Since moving to the strange land of Michigan, my wife Stephanie and I have discovered the wonderful pastime of fruit picking. If you’ve never gone to what’s called a “U-pick,” let me lay down some context for you.

It’s basically what it sounds like. Families or companies plant a vineyard, some fruit trees, and they invite the public to come and pick the fruit themselves.

It’s cheaper and more fun for the people picking, and it’s free labor for the planters. Win-win.

One day Steph and I went to our local U-pick, and the worker told us that they had concord grapes available for picking. Not expecting too much, we went and picked some concord grapes. As we were picking, I decided to taste one.

Friends. I’ve absolutely had grapes before in my life — but nothing like this. All of those crazy delicious grape flavored drinks and candies are based on a real flavor. It was as if my tastebuds went to Heaven for a fraction of a second.

These delights are what I imagine God was looking for when He planted His vineyard. Let’s jump into the story in Isaiah chapter 5.

1 Let me sing for my beloved my love song concerning his vineyard: My beloved had a vineyard on a very fertile hill. 2 He dug it and cleared it of stones, and planted it with choice vines (or Vine of Sorekh — literally, the vine of choicest grapes); he built a watchtower in the midst of it, and hewed out a wine vat in it; and he looked for it to yield grapes, but it yielded wild grapes.
Isaiah 5:1–2

After all of the preparation that the gardener undertook, how disappointing it must have been to grow some measly wild grapes! Check it out, here’s a visual comparison between the two.

Grape Comparison

To alleviate any confusion, the dense and delicious concord grapes are on the top, and the small and sour wild grapes are on the bottom.

Look, I’m not set out to destroy wild grapes. They are a wonderful addition to nature, but not when delicious concord grapes were planted. If you were a U-pick owner and wild grapes grew where you planted your vaunted concord grapes, wouldn’t you be upset?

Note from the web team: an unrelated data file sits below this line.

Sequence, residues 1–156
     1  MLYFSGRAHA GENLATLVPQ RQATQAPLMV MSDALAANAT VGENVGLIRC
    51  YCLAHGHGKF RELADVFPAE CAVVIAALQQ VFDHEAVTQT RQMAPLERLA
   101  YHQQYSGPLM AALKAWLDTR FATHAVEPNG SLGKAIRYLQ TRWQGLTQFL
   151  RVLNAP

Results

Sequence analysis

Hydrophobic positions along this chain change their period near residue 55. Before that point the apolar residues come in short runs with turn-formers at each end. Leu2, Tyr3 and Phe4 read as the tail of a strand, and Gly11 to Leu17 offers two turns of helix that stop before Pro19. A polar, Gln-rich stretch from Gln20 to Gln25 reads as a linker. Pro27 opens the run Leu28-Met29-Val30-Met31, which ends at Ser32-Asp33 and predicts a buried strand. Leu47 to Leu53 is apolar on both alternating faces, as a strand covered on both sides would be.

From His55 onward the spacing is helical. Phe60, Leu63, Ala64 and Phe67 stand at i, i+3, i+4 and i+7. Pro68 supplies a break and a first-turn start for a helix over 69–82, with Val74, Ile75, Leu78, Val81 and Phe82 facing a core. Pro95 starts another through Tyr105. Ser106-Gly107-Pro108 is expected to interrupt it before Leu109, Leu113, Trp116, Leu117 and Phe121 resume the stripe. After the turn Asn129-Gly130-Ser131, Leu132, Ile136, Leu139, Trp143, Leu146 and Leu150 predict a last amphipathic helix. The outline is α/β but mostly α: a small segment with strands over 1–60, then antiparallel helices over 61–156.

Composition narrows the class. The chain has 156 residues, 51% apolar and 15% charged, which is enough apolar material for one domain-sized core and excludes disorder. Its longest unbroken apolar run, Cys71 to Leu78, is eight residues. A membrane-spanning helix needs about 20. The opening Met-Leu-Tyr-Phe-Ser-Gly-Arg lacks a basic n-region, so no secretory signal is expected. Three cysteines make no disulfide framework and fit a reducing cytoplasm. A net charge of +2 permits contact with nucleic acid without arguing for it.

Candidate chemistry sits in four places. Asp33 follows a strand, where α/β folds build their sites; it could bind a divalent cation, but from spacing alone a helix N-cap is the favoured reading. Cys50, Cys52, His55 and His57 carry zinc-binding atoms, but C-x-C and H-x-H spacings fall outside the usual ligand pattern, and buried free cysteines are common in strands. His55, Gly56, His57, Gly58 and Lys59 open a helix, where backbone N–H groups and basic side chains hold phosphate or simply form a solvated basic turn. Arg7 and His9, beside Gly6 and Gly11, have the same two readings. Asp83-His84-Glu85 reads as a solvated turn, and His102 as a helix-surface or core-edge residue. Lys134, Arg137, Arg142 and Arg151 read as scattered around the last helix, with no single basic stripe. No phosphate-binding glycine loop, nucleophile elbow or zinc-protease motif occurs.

I think more often than not, we act a lot more like the wild grapes than the heavenly concord grapes. Notice that all of the nutrients that the gardener supplied were absorbed. The walls and tower were taken advantage of, since no travelers or wild animals ate the fruit. Perhaps something more is at play here. What if the vineyard was planted not for the purpose of growing fruits, but for the purpose of displaying the gardener’s character?

Hmm. If that’s the case, then wild grapes are a pretty good, but not great representation of God’s character. But really, when truly applied, how useful is pretty good? Let’s say you’re looking for a job. You add a friend on your resume as a character reference. Your potential employer calls him up and your buddy says, “Oh, yeah! He’s pretty good.” Pretty good? He might as well just say average. Average. Is this what the vineyard is saying about the gardener’s character? My boy C. S. Lewis states it this way:

It would seem that Our Lord finds our desires not too strong, but too weak. We are half-hearted creatures, fooling about with drink and sex and ambition when infinite joy is offered us, like an ignorant child who wants to go on making mud pies in a slum because he cannot imagine what is meant by the offer of a holiday at the sea. We are far too easily pleased.

God wants so much more for us than pretty good. God wants us to be more than pretty good.

But what if I’m producing wild grapes where God intended concord grapes?

Fortunately, our gardener himself is the antidote. We have hope. Rather than giving up on his failed vineyard, the gardener did something crazy. This beloved Gardener saw that His vineyard wasn’t producing correctly, so He chose to plant Himself. He became the vine, the source of strength for us. He promises that if we are attached to Him, then it is impossible to bear only pretty good fruit.

“I am the true vine, and My Father is the vinedresser. Every branch in Me that does not bear fruit He takes away; and every branch that bears fruit He prunes, that it may bear more fruit. “I am the vine, you are the branches. He who abides in Me, and I in him, bears much fruit; for without Me you can do nothing. (Jn 15:1–2, 5)

 

 

Jonny has been involved with Enspire Productions since 2009. He is currently enrolled in the MDiv. program at the Andrews University Theological Seminary.


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